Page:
[INDOLOGY] Passing of Marie-Claude Porcher

Isabelle Ratie isabelle.ratie at gmail.com
Tue Jan 10 08:50:46 UTC 2023

Dear Indology members, dear friends and colleagues,

I am posting below, on behalf of Professor Sylvain Brocquet, a message
bearing the sad news of Professor Marie-Claude Porcher's passing. She was
one of my teachers when I began learning Sanskrit, and I remember with much
gratitude, admiration and affection her wonderful ability to share her love
for kāvya, her great generosity, and, beyond her reserved manners, her
delightful sense of humour. She will be greatly missed.
With my condolences to her family, friends, colleagues and students,
Isabelle Ratié
Professeur, Département des Études Orientales, Sorbonne Nouvelle

*From Professor Brocquet, Aix-Marseille University:*

We have the regret to report the death of Marie-Claude Porcher, Professor
emerita of Sanskrit, on December, the 31st, at the age of 85. Her funeral
will take place on January, the 13th, at Nantoux (Côte d’Or, France), in

Marie-Claude Porcher, before she retired, was long Professor of Sanskrit
language and literature in the University of Paris III, Sorbonne Nouvelle,
where her teaching was much appreciated by all her students. She
specialised in Sanskrit court poetry and Indian Poetics, and became a
prominent indologist in that field. She studied and translated into French
several works composed by Veṅkaṭādhvarin, in particular his
*Rāghavayādavīya*, a difficult poem whose verses can be read from left to
right or from right to left, thus conveying two different meanings (
*anulomavilomakāvya*), and his *Viśvaguṇādarśacampū* (both published in
1972). Her approach of Indian Poetics was very original and creative,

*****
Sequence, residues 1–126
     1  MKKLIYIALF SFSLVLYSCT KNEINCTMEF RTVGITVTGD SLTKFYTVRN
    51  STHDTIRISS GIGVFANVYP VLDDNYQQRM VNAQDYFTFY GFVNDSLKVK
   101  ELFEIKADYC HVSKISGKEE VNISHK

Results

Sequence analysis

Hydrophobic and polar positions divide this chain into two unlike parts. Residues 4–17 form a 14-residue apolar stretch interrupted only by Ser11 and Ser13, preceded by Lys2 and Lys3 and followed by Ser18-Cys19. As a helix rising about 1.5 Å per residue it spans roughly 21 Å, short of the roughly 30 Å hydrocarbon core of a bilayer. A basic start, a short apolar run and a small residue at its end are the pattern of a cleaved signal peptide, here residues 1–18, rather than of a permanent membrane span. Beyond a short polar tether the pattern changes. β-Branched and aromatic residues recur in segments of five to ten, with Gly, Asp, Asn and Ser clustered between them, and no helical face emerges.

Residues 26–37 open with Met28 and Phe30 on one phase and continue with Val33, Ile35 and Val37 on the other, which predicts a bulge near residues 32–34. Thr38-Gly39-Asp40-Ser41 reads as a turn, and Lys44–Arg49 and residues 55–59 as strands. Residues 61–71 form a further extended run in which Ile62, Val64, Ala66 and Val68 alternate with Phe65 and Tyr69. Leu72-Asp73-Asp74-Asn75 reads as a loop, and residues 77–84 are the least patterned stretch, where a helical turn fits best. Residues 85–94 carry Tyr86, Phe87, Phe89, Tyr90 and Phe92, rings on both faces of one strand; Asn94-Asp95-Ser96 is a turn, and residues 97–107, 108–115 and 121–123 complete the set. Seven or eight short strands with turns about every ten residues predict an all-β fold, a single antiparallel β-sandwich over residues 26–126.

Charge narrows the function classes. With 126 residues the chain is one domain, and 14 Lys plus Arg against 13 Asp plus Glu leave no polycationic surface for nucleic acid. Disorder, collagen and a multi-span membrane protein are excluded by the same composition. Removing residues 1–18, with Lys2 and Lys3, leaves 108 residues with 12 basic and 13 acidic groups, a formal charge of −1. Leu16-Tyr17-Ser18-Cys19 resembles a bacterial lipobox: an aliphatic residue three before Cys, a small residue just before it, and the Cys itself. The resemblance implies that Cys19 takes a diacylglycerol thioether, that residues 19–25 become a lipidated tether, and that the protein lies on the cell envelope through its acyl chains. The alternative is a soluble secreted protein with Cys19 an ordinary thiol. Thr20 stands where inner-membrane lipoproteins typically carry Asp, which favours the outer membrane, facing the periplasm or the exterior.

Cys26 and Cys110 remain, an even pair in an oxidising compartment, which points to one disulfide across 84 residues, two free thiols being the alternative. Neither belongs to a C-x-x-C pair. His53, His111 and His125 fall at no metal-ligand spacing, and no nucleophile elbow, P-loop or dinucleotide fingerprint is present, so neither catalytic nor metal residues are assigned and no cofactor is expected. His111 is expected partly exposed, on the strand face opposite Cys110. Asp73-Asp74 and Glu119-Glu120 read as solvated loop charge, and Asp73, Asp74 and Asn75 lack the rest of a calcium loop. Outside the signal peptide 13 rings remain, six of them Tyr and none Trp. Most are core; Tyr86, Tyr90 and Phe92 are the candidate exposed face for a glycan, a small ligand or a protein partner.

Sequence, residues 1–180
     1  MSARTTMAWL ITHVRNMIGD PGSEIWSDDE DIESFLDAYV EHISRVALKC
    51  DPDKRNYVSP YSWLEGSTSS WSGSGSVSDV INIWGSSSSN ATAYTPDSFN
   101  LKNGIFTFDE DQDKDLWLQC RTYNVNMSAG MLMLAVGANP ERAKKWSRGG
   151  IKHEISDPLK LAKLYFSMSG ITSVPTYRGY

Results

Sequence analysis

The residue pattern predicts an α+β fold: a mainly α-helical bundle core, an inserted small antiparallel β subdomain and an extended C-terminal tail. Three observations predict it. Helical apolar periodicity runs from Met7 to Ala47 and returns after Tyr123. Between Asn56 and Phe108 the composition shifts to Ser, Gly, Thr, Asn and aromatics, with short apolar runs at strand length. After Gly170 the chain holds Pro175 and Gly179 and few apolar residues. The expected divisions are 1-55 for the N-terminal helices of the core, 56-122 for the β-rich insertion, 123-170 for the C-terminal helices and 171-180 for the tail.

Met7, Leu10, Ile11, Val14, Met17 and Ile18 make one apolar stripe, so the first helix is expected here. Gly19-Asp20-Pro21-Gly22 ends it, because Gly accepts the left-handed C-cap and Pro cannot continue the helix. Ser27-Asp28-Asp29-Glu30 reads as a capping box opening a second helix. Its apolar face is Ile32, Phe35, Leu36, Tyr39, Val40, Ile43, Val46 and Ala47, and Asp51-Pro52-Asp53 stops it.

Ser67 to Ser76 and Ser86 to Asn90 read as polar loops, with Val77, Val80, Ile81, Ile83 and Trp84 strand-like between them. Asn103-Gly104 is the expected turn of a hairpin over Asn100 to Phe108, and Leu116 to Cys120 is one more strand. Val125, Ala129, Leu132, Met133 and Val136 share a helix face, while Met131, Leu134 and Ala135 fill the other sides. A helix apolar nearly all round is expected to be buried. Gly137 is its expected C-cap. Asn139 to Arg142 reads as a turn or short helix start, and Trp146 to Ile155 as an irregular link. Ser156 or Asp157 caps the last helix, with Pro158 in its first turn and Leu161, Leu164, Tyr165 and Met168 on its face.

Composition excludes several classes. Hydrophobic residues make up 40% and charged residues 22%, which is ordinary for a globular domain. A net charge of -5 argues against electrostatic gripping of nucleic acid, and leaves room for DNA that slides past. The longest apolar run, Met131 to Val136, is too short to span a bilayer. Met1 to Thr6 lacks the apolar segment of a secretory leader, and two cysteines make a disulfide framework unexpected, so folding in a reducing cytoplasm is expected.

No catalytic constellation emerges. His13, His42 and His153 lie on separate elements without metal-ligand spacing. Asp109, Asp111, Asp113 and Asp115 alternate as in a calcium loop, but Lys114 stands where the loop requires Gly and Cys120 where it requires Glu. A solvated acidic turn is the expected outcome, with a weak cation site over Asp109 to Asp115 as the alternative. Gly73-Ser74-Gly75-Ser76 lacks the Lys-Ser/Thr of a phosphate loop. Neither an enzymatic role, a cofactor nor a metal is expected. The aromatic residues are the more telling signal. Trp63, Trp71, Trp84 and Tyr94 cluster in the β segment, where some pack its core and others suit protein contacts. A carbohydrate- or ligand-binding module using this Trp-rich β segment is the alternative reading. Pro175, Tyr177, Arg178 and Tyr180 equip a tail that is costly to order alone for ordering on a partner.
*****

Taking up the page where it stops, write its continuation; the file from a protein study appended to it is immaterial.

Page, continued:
since, being an expert in Indian traditional alaṃkāraśāstra, and in
contemporary linguistics and poetics as well, she could combine them to
provide analyses that proved to be relevant from both points or view, and
helped connoisseurs not aware of Indian categories to access a deep
understanding of Sanskrit poetry. Among many other scholarly works,
including articles on ambiguity and suggestion, her monography, *Figures de
style en Sanskrit*, complemented by the analysis of poems by the same
Veṅkaṭādhvarin (published in 1978), has been for more than 40 years a
reference book that all indologists have recourse to. She was also a great
translator, who achieved a perfect balance between philological accuracy
and literary elegance, as witnessed by her translation of Daṇḍin’s
*Daśakumāracarita* (published in 1995), probably the best of all the
renderings of that poetic narrative. She was also, with Madeleine Biardeau,
one of the two architects of the celebrated French translation of the
*Rāmāyaṇa* (published in 1999). By her vast knowledge of Indian literature
and theory, her intellectual openness to the contribution of the human
sciences, her taste for belles lettres and the literary quality of her
translations, she undoubtedly was one of the worthiest heirs to the French
indological tradition.
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